Checking out those high school meets has been fun, observing just as much so, and here are a few tips I’d pass on if teenagers actually cared to listen to us old folks:

* Warm-up and Recovery: set yourself up to run your best, not warming up before a race is setting yourself up for both injury and running below your maximum potential. Cold muscles no likey sprinting. The same for after your race, do all you can to recover so you can come back stronger. That includes a cool-down and refueling within 30 minutes of finishing.

* Drafting and Tangents: it was windy at the track meet and those are days where you really want to draft. Leading expends more mental energy and on windy days it expends a heck of a lot more physical energy to lead. If you can, tuck in behind somebody until you’re really to surge past them. When you DO make your move, try to make it on a straight away…running the tangents on a race course is the same idea, don’t run more than your race distance or your competitors are.
run to beat you
* When You Pass, You PASS: racing is mental like that, when you make a move and pass someone you want to be passing them for good. Conserve energy and then blow by that sucker! Don’t ‘weakly’ pass them because then they can just tuck in behind you and let you do the work. You want to BLOW by them and try to mentally break them. Make them think, “Dang, they’re feeling much stronger than me, I can’t keep up.” Even if you feel like crap, it’s a race, you should feel tired, but your competitors don’t have to know you’re tired as heck and clinging on until the finish line. Break them and leave them in your dust.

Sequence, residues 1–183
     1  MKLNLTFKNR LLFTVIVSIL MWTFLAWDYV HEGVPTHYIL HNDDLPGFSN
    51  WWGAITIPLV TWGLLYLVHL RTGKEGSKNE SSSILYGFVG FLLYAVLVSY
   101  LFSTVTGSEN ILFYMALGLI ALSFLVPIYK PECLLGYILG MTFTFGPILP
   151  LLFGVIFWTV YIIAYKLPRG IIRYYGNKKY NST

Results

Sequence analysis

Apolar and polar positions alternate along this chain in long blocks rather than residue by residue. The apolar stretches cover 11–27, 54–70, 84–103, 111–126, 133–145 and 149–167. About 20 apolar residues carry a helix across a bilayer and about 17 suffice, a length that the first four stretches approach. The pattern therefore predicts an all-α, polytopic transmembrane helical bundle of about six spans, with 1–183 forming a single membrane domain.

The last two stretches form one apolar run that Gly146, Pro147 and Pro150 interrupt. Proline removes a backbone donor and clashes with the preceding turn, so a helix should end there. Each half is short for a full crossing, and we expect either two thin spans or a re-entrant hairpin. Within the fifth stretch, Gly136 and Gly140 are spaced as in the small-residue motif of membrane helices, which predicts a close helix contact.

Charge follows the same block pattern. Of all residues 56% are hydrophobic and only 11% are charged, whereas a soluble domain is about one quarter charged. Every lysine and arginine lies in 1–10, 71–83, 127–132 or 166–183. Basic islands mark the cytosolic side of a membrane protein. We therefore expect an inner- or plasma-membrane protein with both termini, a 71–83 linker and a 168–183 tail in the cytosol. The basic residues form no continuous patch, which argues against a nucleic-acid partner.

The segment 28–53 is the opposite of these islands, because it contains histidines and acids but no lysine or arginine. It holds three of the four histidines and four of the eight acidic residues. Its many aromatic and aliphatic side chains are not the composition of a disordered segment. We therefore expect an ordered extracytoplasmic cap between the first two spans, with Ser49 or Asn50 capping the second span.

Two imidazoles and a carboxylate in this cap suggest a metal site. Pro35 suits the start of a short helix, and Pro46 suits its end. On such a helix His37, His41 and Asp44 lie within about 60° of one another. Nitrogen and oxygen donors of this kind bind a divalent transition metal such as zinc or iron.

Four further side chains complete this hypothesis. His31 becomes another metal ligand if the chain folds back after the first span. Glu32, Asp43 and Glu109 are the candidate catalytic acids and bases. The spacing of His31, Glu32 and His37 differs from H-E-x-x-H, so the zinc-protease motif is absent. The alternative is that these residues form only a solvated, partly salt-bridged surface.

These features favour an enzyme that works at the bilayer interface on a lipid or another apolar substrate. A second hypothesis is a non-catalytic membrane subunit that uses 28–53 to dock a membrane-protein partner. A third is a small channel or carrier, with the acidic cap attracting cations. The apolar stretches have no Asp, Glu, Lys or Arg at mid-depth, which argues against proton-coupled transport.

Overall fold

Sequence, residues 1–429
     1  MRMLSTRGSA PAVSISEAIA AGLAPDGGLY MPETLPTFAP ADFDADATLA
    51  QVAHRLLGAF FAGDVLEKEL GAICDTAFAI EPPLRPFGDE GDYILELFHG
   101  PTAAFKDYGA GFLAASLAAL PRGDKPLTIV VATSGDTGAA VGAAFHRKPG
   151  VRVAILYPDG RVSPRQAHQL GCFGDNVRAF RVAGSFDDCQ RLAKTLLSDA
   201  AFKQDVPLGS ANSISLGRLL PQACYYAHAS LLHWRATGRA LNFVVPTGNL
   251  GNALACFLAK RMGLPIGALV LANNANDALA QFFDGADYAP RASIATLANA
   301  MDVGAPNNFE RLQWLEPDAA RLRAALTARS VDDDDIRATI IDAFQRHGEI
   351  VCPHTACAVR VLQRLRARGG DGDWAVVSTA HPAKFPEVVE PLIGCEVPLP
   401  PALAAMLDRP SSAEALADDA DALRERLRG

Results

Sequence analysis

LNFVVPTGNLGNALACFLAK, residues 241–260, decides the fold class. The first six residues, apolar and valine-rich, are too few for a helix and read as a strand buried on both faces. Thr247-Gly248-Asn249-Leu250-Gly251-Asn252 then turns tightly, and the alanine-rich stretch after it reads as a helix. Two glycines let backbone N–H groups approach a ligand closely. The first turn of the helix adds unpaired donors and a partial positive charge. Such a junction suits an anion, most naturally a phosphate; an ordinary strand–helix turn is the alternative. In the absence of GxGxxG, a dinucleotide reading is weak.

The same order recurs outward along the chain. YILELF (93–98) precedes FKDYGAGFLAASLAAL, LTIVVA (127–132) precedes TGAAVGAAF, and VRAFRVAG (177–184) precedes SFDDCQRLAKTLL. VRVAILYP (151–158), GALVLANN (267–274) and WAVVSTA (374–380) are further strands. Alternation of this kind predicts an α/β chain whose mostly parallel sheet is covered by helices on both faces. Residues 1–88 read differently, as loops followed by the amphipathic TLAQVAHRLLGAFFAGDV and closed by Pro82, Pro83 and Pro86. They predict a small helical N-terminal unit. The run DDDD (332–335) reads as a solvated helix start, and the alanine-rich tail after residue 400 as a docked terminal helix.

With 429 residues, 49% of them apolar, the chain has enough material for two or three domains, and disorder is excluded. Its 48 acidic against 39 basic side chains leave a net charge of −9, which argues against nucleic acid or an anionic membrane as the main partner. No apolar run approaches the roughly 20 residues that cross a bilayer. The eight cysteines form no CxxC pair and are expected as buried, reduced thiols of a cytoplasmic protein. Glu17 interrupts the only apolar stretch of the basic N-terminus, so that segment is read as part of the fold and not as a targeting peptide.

* Cling-on: sorry, no sci-fi reference, but this speaks to those getting passed. Read above. You can’t get in the mind of your competitors and chances are they’re working, tired, and hurting too. If they pass you, rally the troops and try to stay with them. Don’t let THEM mentally break you. See, it works two ways like that. ;)

The last thing I’ll add, while I like to joke that I have not a single fast twitch muscle in my body (I’ve never been biopsied, but I’ll say I probably only do have one!) DON’T use that as an excuse to avoid speed-work. It’s incredible how much you can manipulate and overcome your natural predisposition in terms of speedster versus endurance maven. You’d be surprised that, yes, even ye of one speed can get some wheels on themselves and wind up with really strong kicks.

The thing is you just have to train those muscles! For speed you need to build power (hills, sprints, plyo’s) and all that good stuff is plenty of fodder for another post!

Get out there and kick some butt…embrace the booty lock too! ;)
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Have you checked out my Ezzere Running Tees yet?? Mosey over, folks!!

Send MAJOR cheers to one awesome Kim @ Day with KT this rockstar runnerchick and mom is out to kill it at her 50 mile race this Saturday!! WAHOOOO!!!